Tag: cancer resource

School-age children: How should they be involved in my care?

How much your 6- to 12-year-old children should help in taking care of you at home depends on their ages and your relationship with them. School-age children can help, even though they might complain about it. How they can provide care Use these guidelines when figuring out how to involve your children in your at-home… Read more »

Nicotine and cancer treatment: An unhealthy combination

We all know that smoking can lead to lung cancer, but did you know that lung cancer can be harder to treat if you keep smoking after you’ve been diagnosed? Even though this information comes from a study that was done in a research lab, and not with people who actually have cancer, the results… Read more »

Coping with cancer through spirituality

Spiritual and religious practices and beliefs may help you to cope with the pain of cancer and with the uncertainty and fear of a cancer diagnosis. Many people rely on faith to make sense of their lives and to feel connected to others — but you may also be looking for a connection to something… Read more »

Managing pain due to prostate cancer

What is prostate cancer? Prostate cancer forms in the prostate gland. The prostate gland is found in men, below the bladder and in front of the rectum; it makes and stores semen. Prostate cancer can range from slow-growing, which can be treated fairly simply, to a very aggressive type that calls for a mix of… Read more »

Managing pain due to lung cancer

What is lung cancer? Lung cancer starts in the tissues of the lungs, usually in the cells that line the air passages. It’s diagnosed by looking at some of these cells under a microscope. There are two main types of lung cancer: small cell and non-small cell. Eighty percent of people with lung cancer have… Read more »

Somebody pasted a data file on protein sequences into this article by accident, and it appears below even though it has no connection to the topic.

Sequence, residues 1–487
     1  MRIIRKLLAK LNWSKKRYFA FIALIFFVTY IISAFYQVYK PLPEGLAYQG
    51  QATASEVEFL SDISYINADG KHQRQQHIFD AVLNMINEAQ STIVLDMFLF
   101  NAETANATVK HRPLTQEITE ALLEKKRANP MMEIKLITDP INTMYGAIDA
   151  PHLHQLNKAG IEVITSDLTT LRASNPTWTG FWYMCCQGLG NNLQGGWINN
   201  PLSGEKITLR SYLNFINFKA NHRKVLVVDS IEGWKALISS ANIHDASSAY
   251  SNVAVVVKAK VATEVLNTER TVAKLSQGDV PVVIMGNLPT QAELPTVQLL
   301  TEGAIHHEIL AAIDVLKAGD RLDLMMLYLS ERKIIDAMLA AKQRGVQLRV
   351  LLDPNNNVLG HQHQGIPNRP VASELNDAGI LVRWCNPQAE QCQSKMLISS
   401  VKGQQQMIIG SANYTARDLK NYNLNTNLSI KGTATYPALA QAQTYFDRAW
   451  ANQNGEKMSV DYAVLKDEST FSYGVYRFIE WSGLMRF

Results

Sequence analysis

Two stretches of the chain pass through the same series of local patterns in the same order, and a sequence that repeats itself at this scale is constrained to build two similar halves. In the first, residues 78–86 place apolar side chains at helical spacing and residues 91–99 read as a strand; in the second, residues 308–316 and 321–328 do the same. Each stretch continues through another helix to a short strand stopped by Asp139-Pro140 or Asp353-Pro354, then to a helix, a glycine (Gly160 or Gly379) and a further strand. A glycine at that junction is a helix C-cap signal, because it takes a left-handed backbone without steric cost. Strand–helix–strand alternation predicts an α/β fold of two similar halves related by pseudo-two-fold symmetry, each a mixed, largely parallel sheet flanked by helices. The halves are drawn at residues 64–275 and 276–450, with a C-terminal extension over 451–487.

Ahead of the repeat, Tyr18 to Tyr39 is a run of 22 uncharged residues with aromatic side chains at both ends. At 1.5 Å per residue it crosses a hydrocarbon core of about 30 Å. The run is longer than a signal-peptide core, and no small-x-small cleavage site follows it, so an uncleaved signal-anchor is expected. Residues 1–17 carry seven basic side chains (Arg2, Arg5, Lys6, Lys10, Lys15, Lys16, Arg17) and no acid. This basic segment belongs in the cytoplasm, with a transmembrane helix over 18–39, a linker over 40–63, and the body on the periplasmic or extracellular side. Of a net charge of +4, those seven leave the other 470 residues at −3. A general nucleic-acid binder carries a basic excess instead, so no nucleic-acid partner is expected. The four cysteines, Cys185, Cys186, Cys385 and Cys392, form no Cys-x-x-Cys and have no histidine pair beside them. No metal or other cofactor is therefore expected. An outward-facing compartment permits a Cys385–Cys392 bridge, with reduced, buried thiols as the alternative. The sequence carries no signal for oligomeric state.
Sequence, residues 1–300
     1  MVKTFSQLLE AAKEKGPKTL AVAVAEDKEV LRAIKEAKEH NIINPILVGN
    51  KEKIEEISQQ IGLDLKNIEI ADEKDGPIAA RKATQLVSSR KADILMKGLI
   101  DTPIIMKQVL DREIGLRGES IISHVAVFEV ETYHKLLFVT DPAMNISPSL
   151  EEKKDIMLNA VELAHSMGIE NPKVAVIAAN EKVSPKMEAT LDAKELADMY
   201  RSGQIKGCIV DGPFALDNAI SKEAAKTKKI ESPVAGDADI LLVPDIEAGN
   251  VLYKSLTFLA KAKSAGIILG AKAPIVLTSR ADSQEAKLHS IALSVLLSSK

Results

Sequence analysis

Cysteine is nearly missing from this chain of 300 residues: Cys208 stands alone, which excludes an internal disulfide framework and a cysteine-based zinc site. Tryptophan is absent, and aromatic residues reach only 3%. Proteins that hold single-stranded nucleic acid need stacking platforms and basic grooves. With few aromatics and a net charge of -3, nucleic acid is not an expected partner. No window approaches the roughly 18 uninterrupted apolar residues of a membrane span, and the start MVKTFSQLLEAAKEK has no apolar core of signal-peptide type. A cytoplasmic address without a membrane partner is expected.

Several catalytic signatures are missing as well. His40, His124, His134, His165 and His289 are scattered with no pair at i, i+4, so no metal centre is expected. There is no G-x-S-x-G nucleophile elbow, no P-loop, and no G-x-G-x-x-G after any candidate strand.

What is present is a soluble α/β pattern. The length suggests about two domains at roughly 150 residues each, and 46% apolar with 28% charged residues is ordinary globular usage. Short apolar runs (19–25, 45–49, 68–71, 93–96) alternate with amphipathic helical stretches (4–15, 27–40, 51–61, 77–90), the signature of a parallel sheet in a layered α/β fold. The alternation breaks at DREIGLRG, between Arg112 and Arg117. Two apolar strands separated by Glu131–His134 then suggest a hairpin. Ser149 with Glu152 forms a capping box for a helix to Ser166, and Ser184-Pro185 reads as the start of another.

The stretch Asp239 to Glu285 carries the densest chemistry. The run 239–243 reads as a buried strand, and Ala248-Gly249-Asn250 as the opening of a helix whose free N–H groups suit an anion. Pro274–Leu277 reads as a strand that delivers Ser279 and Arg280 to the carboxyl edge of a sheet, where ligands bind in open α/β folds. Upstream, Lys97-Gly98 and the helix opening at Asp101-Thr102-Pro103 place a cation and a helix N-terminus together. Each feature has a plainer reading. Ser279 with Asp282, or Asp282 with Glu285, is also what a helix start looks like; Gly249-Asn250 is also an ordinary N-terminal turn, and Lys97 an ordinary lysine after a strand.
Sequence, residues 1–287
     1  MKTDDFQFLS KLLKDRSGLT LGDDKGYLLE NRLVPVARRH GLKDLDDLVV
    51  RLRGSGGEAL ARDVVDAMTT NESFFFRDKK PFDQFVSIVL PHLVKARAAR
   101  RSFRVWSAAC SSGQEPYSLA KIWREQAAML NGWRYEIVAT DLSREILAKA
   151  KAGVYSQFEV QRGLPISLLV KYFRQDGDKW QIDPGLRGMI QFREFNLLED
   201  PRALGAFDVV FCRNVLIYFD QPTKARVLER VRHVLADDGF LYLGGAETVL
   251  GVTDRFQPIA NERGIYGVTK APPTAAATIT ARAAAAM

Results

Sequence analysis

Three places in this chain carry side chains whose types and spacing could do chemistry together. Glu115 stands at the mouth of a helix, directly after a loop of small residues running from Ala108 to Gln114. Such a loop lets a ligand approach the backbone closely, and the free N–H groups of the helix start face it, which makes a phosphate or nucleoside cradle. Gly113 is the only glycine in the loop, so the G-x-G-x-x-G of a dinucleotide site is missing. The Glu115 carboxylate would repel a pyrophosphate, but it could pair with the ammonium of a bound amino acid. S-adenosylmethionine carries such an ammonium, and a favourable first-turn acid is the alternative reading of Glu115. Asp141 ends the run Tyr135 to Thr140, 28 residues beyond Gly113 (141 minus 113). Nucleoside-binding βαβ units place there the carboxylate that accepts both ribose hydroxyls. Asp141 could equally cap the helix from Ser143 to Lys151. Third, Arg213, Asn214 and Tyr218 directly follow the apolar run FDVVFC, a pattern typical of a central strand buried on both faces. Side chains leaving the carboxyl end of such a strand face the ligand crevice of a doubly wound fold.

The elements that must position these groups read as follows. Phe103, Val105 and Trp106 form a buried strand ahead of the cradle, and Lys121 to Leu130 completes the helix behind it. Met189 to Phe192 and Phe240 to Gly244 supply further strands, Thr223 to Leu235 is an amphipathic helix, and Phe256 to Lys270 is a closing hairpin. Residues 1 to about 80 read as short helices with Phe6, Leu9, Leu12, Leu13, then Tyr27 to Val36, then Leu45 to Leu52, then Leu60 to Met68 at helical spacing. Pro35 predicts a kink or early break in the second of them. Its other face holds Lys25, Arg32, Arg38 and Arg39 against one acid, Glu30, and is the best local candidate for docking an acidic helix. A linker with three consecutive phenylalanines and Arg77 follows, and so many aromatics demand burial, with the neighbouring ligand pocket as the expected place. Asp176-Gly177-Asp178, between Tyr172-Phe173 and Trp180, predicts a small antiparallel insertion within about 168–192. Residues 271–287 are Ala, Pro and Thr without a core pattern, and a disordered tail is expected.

Managing pain due to colorectal cancer

What is colorectal cancer? Colorectal cancer includes cancer of the large intestine (the long, muscular tube at the lower end of the digestive system) and the rectum (the last six inches of the colon, where waste leaves the body). Colorectal cancers often start as small, noncancerous growths called polyps. If polyps are found during a… Read more »

Managing pain due to breast cancer

What is breast cancer? Breast cancer is the most common type of cancer in women. Malignant (cancerous) tumors are most often found in the ducts (tubes that carry milk to the nipple) and sometimes in the lobules (glands that produce milk).When cancer spreads outside of a duct or gland to other breast tissue, it’s called… Read more »

Coping with pain after cancer surgery

Cancer surgery is scary for most people. You might worry about what will happen during the operation. You may wonder what the surgeon will find, and whether you’ll be in pain afterwards. It’s common to feel alone at this time, and to be anxious about the future. This article will help you to understand the… Read more »

Cancer-related fatigue

How is cancer-related fatigue different from just being tired? Most people are tired after work or exercise, but resting or sleeping can usually make them feel better again. Cancer-related fatigue is different, though: It can be an overwhelming, daily lack of energy that is not helped by rest or sleep. Cancer-related fatigue is not only… Read more »

Understanding cancer stages

What is staging? No two cases of cancer are exactly alike. Some cancers are found early, and others aren’t noticed until the cancer has metastasized (spread past the place in the body where it first started). Staging is the system doctors use to learn how much a cancer has spread. Once doctors know the cancer’s stage, they can come… Read more »